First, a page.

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Common Troubleshooting for Water Heaters

Common Troubleshooting for Water Heaters

As any rational human, it is always a concern that one day you are going to step into the shower, turn on the tap, and expect to be soothed by warm water, only to be rudely awakened by a blast of cold water.

Based on the suggested service life of most manufacturers, you can expect to get 8 to 12 years out of your water heater. However, that changes depending on where the unit is located, the quality of its design and installation, its maintenance history, and the water quality in your home.

If you know your water heater is getting to be around ten years old, or if you’re already running into trouble with a heater of any age, you’re already asking yourself if you’re looking at a repair or a replacement.

But there are a few common problems that are worth looking into before you consider taking any plunges — you could, after all, just have a problem with a fuse. But it could also be a faulty thermostat or failed heating element.

Depending on whether you’ve got a gas or electric heater, the basic steps and fixes leading up to a potential replacement situation are a little different, so we’ll address them separately.

For an electric water heater you should:

  • Make sure that the power is connected
  • Try resetting the thermostat
  • Flush the heater to remove sediment from the tank
  • Check and re-insulate the hot water pipes
  • Replace the heating element or thermostat
  • Raise the temperature setting on the thermostat

For a gas water heater you should:

  • Make sure that the gas is connected and the pilot light is lit
  • Flush the heater to remove sediment from the tank
  • Check and re-insulate the hot water pipes
  • Clean the gas burner and replace the thermocoupler
  • Raise the temperature setting on the thermostat

Troubleshooting Your Water Heater

The first step is to make sure you know what you’re looking at. You should probably already know the basic type of the water heater, but make sure you check the model number to find out exactly what parts you might need to order if you find that you need them.

If you hear hissing or sizzling sounds, sediment may have collected in the tank. It’s not a terribly uncommon problem for tank heaters, and this sediment can end up trying to cook off against the heating elements, resulting in the noise. If you’re the do-it-yourself type, go ahead and shut off the power to the water heater and get those sleeves rolled up. Then drain the tank until the water clears, disconnect and remove the heating elements, and soak them in a pan filled with white vinegar for about an hour, scraping off any collected residue.

Troubleshooting for Water Heaters

Supply pipes to the heater unit or from it back into the home can wear or leak. This is generally a pretty minor issue — many times it’s a loose fitting that you can tighten without too much trouble. Occasionally, you may find that you need to replace a fitting, or even a length of pipe. If it’s easy to get to and you find yourself so inclined, it’s not a difficult or particularly expensive repair.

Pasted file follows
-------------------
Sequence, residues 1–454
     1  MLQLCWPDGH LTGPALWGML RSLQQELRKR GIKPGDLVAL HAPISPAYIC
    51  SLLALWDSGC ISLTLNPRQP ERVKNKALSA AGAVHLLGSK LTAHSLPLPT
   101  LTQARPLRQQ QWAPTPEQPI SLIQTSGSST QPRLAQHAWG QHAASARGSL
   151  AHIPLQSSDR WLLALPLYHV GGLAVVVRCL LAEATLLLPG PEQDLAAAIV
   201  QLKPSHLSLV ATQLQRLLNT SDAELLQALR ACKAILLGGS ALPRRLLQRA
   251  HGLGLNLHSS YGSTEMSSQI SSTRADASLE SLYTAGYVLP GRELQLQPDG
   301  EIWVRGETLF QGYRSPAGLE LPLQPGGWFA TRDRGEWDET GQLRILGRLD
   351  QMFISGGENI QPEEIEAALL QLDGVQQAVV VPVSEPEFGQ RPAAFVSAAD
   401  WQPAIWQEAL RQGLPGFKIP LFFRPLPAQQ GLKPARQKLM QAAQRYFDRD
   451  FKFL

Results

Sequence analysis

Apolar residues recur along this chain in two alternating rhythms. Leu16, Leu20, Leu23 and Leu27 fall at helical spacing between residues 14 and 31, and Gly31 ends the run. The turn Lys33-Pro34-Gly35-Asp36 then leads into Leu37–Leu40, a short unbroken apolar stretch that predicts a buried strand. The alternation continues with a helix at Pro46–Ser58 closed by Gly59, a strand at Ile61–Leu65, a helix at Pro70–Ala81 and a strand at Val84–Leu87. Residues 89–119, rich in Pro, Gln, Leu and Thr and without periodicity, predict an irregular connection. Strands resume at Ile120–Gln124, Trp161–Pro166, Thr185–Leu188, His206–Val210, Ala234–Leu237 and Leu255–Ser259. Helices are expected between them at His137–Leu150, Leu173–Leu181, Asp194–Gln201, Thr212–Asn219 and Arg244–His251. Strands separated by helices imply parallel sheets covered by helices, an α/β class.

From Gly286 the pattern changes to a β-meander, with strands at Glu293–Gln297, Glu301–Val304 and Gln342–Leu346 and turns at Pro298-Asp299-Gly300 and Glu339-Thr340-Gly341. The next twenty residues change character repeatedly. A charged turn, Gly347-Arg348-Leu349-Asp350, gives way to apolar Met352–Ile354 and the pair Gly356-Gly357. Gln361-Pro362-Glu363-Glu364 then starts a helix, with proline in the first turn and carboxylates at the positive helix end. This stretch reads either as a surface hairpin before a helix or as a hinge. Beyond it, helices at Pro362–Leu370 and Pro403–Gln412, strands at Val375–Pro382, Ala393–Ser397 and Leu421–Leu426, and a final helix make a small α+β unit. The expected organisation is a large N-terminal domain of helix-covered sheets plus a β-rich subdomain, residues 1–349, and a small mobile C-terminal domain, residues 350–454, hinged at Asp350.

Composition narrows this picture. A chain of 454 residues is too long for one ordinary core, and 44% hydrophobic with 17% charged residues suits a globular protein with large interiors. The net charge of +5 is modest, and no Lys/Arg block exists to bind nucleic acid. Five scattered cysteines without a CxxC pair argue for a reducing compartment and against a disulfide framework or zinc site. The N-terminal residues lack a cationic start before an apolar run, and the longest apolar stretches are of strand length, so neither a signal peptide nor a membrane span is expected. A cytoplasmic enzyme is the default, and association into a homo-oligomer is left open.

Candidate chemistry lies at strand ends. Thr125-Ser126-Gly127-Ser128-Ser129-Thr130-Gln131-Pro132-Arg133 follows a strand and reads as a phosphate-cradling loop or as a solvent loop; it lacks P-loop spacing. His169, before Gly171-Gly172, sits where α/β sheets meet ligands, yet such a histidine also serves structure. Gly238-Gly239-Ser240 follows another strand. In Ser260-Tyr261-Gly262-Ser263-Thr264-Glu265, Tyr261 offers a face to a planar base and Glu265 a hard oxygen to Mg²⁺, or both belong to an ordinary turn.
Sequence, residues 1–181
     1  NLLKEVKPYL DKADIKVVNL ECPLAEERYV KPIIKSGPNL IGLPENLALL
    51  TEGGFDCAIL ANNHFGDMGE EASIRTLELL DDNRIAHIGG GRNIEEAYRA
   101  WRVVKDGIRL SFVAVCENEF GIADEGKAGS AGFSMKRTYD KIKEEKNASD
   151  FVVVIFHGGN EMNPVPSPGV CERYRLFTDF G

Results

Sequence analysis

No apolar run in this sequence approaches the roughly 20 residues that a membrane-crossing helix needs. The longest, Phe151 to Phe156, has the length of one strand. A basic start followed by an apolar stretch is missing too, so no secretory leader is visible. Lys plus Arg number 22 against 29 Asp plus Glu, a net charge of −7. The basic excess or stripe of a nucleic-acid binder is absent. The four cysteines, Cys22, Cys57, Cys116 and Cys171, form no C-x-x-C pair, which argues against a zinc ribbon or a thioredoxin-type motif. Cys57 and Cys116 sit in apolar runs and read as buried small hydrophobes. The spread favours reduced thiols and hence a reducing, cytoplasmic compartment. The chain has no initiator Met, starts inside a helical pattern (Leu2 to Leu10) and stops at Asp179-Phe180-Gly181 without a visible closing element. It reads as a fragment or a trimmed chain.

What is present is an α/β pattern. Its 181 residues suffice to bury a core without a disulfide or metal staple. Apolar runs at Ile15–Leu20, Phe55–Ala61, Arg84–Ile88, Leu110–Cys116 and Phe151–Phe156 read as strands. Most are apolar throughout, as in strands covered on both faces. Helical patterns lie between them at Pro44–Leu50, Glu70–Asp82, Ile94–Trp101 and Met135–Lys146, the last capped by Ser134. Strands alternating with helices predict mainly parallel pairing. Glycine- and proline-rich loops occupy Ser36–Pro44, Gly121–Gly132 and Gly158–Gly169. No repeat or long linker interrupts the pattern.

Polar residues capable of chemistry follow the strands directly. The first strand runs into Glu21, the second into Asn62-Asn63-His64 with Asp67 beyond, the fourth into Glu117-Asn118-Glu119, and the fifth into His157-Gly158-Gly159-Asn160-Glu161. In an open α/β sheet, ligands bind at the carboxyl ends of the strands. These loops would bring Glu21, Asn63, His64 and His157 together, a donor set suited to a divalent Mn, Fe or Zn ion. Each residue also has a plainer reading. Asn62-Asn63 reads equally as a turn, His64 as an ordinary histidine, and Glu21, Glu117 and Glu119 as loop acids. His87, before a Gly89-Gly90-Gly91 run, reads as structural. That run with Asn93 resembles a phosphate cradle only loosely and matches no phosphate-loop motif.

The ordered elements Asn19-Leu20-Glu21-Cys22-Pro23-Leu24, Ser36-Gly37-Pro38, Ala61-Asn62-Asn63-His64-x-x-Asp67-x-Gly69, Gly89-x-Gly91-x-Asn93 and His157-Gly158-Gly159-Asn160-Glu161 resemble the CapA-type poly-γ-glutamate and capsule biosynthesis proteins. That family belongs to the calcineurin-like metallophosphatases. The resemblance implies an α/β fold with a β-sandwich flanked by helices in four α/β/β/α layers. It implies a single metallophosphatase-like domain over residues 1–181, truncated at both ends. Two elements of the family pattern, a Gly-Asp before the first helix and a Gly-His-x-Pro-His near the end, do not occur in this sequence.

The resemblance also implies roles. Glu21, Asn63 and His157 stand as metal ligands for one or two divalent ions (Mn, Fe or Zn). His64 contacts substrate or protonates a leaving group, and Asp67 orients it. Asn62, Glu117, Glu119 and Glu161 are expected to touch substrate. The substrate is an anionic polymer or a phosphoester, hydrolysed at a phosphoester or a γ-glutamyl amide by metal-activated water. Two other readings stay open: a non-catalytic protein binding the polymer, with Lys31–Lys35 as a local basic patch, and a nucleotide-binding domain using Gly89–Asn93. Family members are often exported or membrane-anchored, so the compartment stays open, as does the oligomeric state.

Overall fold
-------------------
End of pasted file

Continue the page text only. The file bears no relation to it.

If you’ve noticed a small bit of piping coming out of your heater with a continuous drip, what you’re probably looking at is your pressure relief valve and line. You might even hear a high-pitched whistle from this valve. This potentially unassuming nuisance is probably your pressure relief valve trying to tell you one of two things: either it is failing and simply needs to be replaced, or for some reason the pressure in your water heater is excessive. The former isn’t so bad — it’s designed to be pretty easy to replace. But the latter could be indicating a risk of a pressure explosion. Even for a DIY homeowner, this is a good time to call in a professional like A1 Plumbing Service in Central Florida.

In terms of not getting enough hot water, or not getting any at all, there are two basic parts that can fail. In electric models, assuming they are getting the power from your electrical system that they need in order to function, the culprits are the heating elements themselves and the thermostat. If more basic maintenance doesn’t help, and one or the other is clearly not doing the job, these are also parts that are designed to be relatively painless to replace. In gas models, however, again assuming that the gas is flowing to the heater properly, you’re best-case scenario will be the burner itself. But if you aren’t so lucky, it could be the thermocoupler, an important safety feature for gas heaters that controls whether gas is sent to the burner. While they are designed not to allow any gas flow if they do not receive the proper electrical signal that the pilot light is functioning properly, this is an important safety issue that should be addressed, not just for the risk of cold water.

Care and Maintenance

Even though today’s newer models are made to need very little or no maintenance, we’ll give you a few maintenance tips can prolong the life of your water heater.

Twice a year you should drain your water heater to get rid it of the collected sediment that causes corrosion and this will also help you water heater to run more efficiently. You should also test the pressure-relief valve by lifting the valve’s handle and letting it snap back — this should release a burst of water into the overflow drainpipe. Try not to set the thermostat any higher than you need to — this will decrease the amount of wear over time.

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